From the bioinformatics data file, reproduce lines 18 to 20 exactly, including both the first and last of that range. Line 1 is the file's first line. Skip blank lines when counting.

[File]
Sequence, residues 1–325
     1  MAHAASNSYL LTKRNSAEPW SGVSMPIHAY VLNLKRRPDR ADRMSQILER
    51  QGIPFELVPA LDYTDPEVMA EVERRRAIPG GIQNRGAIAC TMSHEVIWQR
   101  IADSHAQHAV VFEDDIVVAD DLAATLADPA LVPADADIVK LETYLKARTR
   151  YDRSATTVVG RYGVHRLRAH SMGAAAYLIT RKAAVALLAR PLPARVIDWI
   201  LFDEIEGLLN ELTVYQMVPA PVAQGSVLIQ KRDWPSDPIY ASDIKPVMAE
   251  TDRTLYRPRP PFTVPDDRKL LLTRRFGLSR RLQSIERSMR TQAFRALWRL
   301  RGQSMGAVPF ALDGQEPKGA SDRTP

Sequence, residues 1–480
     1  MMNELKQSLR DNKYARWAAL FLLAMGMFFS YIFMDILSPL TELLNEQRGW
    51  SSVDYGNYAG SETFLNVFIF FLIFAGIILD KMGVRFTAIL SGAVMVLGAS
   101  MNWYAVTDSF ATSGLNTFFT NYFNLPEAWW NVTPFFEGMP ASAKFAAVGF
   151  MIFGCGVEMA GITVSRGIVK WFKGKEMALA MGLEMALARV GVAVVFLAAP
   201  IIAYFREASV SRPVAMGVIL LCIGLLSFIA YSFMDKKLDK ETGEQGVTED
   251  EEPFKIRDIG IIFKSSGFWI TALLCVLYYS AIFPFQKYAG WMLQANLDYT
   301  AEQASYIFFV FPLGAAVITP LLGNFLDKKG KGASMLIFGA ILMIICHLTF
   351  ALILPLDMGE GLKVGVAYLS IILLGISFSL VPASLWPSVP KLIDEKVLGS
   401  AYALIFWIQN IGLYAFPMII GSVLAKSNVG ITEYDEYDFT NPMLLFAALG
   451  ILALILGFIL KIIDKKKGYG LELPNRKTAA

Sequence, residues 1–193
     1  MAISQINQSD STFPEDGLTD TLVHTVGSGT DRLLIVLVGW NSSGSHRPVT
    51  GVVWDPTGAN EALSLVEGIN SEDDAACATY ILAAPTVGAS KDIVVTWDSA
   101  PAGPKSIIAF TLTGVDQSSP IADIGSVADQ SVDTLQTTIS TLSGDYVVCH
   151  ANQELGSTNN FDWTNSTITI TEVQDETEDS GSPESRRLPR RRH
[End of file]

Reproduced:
   401  AYALIFWIQN IGLYAFPMII GSVLAKSNVG ITEYDEYDFT NPMLLFAALG
   451  ILALILGFIL KIIDKKKGYG LELPNRKTAA

Sequence, residues 1–193